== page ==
Thanks so much, Sully, for a comment only a Pulitzer prize nominated author could make!

Oregon Kimm said...

That salad looks so beautiful! You certainly have a way of drawing a reader in with your photos. They are always gorgeous.

My knife skills are lacking, but then again, I don't *gasp* cook that often. :-) But, my mother always said that I needed a fine set of Henckels for my home and made sure that I got them as a wedding present. She comes over and uses them when she cooks dinner for me. lol

Jean said...

Thanks so much, Kimm. Blogging is forcing me to work on my photography skills. Your amusing comment about your mother got my morning off to a great start!

Nancy said...

Hi Jean!!

Yay for Kale!!! Have been working on my relationship with kale and found that I love kale in salads and this one is perfect with the satsumas.
Favorite knife - 10 inch chef. Knife skills - could be better and faster but I had a good teacher! You are right - bad knife habits are hard to break!!

Thekla Richter said...

Ever since you first wrote about this I've experimented with a number of marinated raw kale salads and have really loved some of the results. My favorite one was kale, leftover mulled apple cider, apple cider vinegar, garlic, diced dried apricots, and almonds. I'd have garnished it with feta, but this was a leftover-using inspiration and I didn't have any!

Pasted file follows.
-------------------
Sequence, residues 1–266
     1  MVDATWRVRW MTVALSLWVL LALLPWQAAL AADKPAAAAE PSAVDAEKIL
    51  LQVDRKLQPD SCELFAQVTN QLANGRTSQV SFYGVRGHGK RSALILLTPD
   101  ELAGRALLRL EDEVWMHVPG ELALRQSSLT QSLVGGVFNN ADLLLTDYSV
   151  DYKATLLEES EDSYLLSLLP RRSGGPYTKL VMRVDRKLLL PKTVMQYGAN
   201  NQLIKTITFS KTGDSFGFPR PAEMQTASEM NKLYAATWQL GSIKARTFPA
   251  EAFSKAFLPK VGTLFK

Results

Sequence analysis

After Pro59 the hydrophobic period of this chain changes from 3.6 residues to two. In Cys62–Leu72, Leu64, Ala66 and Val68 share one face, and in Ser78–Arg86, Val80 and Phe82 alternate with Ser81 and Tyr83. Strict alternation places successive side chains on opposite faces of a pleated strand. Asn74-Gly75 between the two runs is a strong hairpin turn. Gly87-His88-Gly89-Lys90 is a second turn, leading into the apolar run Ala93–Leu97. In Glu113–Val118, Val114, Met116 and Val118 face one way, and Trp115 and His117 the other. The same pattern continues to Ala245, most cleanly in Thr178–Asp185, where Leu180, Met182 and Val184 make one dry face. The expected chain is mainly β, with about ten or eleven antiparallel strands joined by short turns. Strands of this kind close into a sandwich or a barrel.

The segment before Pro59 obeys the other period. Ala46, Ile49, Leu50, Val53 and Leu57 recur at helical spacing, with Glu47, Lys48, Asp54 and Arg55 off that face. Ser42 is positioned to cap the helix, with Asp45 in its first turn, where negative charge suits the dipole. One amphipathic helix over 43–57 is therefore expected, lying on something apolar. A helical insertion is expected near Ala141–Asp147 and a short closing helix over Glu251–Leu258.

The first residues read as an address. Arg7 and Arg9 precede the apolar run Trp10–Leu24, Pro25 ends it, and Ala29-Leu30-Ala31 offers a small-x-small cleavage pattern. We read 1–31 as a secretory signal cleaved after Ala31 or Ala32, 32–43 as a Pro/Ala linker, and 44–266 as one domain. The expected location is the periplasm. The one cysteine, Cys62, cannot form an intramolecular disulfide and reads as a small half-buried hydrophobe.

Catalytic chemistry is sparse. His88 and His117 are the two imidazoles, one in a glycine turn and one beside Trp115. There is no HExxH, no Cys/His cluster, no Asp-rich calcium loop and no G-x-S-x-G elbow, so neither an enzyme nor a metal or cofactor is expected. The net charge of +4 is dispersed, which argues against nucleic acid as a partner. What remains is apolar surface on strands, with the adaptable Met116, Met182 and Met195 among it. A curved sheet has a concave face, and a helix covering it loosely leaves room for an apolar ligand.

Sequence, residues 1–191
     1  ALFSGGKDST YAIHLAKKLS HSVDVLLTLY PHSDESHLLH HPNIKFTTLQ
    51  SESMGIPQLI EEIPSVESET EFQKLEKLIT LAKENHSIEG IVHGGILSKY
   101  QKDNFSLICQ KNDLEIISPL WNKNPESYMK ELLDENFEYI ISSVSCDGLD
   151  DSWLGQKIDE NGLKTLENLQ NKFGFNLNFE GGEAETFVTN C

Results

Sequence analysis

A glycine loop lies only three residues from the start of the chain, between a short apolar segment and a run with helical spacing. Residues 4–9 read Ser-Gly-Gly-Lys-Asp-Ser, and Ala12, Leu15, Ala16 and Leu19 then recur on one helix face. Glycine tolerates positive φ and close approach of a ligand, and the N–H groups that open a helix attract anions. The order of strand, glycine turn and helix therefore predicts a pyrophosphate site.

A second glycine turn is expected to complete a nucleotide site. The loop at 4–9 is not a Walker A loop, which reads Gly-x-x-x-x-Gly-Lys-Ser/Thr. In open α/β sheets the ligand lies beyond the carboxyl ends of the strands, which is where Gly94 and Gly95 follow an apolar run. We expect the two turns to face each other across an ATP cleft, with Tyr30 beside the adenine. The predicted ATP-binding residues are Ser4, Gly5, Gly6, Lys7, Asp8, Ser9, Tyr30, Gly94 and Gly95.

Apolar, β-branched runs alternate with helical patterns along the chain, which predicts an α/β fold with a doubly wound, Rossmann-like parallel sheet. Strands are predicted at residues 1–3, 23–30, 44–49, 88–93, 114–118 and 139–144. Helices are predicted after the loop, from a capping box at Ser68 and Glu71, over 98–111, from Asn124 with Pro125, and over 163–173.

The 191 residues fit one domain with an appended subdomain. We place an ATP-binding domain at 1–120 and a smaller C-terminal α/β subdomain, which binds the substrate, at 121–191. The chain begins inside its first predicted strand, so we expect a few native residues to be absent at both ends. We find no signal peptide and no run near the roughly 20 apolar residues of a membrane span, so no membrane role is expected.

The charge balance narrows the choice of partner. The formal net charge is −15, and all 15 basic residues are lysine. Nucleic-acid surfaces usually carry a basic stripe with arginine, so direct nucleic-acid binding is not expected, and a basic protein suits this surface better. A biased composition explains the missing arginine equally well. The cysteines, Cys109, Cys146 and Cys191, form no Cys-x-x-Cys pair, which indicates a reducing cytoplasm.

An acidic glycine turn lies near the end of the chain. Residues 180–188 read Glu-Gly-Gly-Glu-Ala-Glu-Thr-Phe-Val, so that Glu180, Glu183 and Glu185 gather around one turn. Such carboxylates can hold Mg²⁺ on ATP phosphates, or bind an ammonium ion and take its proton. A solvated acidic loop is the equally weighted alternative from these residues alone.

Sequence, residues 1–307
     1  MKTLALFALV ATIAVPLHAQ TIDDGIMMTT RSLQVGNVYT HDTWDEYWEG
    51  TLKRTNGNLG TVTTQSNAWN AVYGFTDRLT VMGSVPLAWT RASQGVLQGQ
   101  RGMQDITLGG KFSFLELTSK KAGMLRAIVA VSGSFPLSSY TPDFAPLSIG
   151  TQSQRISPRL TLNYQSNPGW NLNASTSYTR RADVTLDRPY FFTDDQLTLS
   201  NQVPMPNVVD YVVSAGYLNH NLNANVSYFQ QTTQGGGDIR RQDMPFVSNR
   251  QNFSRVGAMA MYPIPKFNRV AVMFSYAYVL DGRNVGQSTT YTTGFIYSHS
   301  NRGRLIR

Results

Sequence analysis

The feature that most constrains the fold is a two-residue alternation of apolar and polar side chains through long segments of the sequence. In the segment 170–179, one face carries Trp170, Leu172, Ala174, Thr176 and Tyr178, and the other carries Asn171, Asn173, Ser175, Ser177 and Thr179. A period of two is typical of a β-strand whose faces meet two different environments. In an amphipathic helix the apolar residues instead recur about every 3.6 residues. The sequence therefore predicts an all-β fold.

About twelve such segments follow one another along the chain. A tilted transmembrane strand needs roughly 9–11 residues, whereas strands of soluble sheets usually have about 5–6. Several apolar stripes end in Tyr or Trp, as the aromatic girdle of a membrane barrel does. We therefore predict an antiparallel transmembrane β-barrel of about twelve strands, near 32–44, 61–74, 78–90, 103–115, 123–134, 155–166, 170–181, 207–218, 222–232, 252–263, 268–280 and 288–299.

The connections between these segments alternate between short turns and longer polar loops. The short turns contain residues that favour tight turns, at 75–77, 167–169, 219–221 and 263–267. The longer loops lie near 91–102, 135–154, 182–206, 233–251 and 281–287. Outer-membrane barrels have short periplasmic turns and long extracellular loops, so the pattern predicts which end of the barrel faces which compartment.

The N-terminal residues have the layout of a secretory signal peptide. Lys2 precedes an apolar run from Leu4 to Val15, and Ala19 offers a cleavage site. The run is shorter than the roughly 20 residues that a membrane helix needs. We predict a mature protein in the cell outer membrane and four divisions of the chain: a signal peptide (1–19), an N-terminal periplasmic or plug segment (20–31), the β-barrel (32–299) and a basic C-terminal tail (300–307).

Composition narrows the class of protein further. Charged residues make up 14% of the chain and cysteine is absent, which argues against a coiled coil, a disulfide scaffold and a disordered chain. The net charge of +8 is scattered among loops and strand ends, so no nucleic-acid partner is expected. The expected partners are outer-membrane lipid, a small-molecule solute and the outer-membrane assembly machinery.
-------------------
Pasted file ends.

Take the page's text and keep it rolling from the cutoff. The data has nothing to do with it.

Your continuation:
My knife skills are very casual and utilitarian; not uber-pretty and probably not that efficient. I also tend to commit that kitchen sin of using inadequately sharp, not particularly well-made knives. One of these days I'll buy better knives and take the care of them that they deserve, and maybe treat myself to a knife skills class. I'd have a hard time learning such things from diagrams and pictures no matter how well done, as I'm a very kinesthetic learner.

Jean said...

Thanks, Nancy! I used my 10-inch chef's knife for ages but am finding it hard to handle now (a couple of stiff fingers!). I have an 8-inch arriving next week and am very much looking forward to trying it.

Jean said...

Thekla, that sounds like a lovely combination--cider, dried apricots and almonds--no feta needed! I would not have expected photos and diagrams to be so effective, but this book really amazed me. A class would be a lot of fun though!

Grant said...

Hey Jean, I've always envied chef-like knife skills and precision!! So that book (and delicious salad) looks like just the go for me. I'm off to amazon to order the book. Thanks again for a delightful and fascinating post.

Jean said...

Thanks, Grant! You'll love the book. It's organized very logically and is well illustrated.

Since you did not take advantage of the opportunity to link your name to your blog, I'll put the URL here! http://enhancingmylife.blogspot.com

April J Harris said...

Sounds like a great book, Jean! I think most folks could use a bit of a brush up on their knife skills. Love the fresh, citrus dressing you've used on this healthy salad. Thank you for sharing it with us at the Hearth and Soul hop. Pinned :-)

Jean | DelightfulRepast.com said...

April, thank you! Appreciate your comment and your Pin and your hop!